Russian enlightenment?

By Michael Miller
web posted May 15, 2000

Astounding news from Moscow! (Moscow Times, April 26) Vladimir Putin's economics adviser, Andrei Illarionov held a news conference at which he "vociferously" supported the philosophy of -- Ayn Rand!

Illarionov's news conference was specifically "dedicated to the launch of Rand's work in the Russian language." Rand's Russian translators and publishers said they want the Education Ministry to make Rand compulsory reading in schools. "Every import tariff and every limit on foreign-exchange transactions is a blow to our consciousness. Every tax acts against our freedom," Illarionov said. He noted that President-elect Putin has a copy of "Atlas Shrugged" in his personal library.

Mainstream Western media responded with conspicuous silence.

E. G. Ross, an American commentator who is himself influenced by Ayn Rand's philosophy of objectivism, responded by noting that "Putin may have a copy of Ayn Rand's Atlas Shrugged on his bookshelf, but rights in Russia remain a grim joke." (The Objective American Daily, May 9) Ross observed that rule of law is only beginning to develop in Russia, that typical Russians don't know the meaning of individual rights, and that Russia missed out on the main sources of individual rights in modern centuries: the Renaissance and the Reformation. Ross expects that Russia will "continue to disintegrate -- or collapse back into outright dictatorship and maybe totalitarianism."

Yeah. But!

Yeah. Ross is right about rights in Russia and about Russia's general cultural deficiencies. Russia did indeed miss out on the Renaissance and the Reformation, and it missed most of the glorious developments arising from them, including the Enlightenment and individual rights. Russia remains mystic, pessimistic, collectivist and statist right down to its cultural toenails.

But! But Russia is not anti-intellectual! Not in the way that today's West is anti-intellectual.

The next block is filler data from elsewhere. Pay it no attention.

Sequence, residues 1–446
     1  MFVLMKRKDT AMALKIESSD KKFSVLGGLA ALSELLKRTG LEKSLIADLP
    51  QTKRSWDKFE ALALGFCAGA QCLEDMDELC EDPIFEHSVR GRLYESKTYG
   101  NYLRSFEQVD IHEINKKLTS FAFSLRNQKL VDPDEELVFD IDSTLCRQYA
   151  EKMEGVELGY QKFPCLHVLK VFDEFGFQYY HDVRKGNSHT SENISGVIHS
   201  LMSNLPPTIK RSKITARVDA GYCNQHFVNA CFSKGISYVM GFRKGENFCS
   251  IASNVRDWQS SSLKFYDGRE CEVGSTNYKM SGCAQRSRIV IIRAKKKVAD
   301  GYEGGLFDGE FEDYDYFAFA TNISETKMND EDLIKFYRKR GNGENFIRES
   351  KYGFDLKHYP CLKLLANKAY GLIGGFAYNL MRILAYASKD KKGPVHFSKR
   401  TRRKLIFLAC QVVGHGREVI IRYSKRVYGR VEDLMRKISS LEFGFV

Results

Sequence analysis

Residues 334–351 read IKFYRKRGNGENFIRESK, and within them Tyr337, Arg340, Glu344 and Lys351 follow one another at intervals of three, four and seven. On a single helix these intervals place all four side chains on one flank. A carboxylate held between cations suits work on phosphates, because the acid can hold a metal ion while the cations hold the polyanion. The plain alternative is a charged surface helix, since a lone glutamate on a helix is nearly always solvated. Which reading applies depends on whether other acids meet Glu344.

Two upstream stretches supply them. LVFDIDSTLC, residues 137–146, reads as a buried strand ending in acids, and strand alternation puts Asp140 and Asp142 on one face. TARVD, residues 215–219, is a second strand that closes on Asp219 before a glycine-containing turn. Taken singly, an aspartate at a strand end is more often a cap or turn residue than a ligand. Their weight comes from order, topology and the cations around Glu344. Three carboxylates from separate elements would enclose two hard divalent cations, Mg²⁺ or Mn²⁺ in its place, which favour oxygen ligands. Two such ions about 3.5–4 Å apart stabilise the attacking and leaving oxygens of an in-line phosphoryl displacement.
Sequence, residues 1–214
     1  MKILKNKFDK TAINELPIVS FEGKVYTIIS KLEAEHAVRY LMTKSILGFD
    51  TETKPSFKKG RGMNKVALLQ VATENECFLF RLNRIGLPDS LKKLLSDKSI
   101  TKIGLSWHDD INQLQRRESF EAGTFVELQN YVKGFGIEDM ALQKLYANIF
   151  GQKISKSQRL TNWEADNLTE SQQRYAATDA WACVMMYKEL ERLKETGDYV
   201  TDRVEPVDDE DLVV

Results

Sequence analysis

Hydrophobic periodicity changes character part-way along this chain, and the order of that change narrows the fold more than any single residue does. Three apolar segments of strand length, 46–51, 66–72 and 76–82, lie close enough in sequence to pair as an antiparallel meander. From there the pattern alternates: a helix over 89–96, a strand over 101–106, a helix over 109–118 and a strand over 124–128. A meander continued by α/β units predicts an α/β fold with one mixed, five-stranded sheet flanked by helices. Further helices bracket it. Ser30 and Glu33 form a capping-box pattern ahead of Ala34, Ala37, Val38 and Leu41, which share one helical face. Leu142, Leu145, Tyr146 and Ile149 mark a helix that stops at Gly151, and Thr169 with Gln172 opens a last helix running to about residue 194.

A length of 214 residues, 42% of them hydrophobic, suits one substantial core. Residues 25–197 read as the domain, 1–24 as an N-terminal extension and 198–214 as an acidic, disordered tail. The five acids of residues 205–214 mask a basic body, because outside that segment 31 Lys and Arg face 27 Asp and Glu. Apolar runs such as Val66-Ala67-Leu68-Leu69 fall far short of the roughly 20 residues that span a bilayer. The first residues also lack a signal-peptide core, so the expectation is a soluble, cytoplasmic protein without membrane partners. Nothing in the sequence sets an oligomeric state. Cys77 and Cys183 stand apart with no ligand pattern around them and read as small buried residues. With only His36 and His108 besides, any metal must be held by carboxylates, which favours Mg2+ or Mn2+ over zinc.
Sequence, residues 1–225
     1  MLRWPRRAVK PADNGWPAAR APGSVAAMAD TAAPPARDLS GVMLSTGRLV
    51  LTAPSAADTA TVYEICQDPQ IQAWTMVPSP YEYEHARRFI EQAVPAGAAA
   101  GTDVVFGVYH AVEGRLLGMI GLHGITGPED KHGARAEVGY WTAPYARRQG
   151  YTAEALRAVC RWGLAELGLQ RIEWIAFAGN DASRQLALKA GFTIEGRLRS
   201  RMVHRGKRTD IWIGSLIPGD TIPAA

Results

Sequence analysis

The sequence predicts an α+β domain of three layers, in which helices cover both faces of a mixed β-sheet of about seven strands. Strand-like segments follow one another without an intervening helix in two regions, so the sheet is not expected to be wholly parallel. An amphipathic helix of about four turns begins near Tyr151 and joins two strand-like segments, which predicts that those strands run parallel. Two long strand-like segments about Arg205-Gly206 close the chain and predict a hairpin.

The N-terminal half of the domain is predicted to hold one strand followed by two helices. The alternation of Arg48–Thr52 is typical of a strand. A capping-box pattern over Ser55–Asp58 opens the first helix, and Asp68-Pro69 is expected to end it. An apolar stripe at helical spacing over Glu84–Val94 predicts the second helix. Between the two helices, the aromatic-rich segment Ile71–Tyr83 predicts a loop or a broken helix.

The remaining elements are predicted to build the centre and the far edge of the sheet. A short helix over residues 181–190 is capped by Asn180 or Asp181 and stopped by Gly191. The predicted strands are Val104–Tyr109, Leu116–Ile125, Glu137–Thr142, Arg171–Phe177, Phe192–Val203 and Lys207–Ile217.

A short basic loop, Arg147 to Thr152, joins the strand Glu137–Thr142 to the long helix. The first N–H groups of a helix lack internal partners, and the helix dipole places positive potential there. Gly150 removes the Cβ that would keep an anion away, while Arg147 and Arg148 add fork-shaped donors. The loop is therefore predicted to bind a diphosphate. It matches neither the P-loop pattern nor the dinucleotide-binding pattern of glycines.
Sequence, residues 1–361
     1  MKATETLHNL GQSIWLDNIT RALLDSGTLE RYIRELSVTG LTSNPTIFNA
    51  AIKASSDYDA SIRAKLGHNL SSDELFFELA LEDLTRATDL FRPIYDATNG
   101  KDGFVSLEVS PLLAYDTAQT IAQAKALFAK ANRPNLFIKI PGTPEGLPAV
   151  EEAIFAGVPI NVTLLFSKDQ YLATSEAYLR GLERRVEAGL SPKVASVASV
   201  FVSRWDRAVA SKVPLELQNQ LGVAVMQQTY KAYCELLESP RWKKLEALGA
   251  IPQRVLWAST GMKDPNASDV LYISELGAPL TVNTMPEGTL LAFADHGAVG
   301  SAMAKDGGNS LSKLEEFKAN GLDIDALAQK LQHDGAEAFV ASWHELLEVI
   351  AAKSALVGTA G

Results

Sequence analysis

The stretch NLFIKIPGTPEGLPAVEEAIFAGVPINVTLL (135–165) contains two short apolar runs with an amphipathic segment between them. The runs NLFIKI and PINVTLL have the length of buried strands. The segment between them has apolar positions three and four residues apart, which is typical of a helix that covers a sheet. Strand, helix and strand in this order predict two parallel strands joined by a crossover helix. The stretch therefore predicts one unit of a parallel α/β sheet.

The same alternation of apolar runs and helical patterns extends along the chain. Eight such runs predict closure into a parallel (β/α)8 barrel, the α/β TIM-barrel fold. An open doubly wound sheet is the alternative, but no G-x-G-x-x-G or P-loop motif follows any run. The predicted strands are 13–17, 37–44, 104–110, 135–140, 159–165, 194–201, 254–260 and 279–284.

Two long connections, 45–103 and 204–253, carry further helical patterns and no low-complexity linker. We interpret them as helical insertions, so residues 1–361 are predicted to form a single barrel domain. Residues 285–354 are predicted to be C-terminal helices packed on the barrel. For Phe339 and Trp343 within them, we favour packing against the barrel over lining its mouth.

Under Marxist rule Russia was spared the worst ravages of Pragmatism, Existentialism, Linguistic Analysis and their assorted noxious residues. As far back as the 60s, a philosophy student in the West could count himself lucky to get a Marxist professor; at least you could learn something from a Marxist. The other species of philosophers were a complete waste of oxygen, and they produced today's Western culture. They taught that philosophy is a pointless game played by otherwise unemployable academics, or a mindless moaning about the meaninglessness of life, or a blind range of the moment expediency.

Accordingly, today's Western mainstream is profoundly anti-intellectual; it unanimously regards philosophy as impotent and irrelevant. Philosophy as a respected cultural power is dead in the West. It is dead by suicide of course -- no other hand is mighty enough for that deed! -- but it is dead, dead, dead.

It ain't dead in Russia! Communism acted like a time capsule to preserve certain ideas in Russia that have long since perished in the West. Among them are the convictions that ideas matter, that deeper ideas matter more, and that the inescapable root of all morality, culture and politics is philosophy.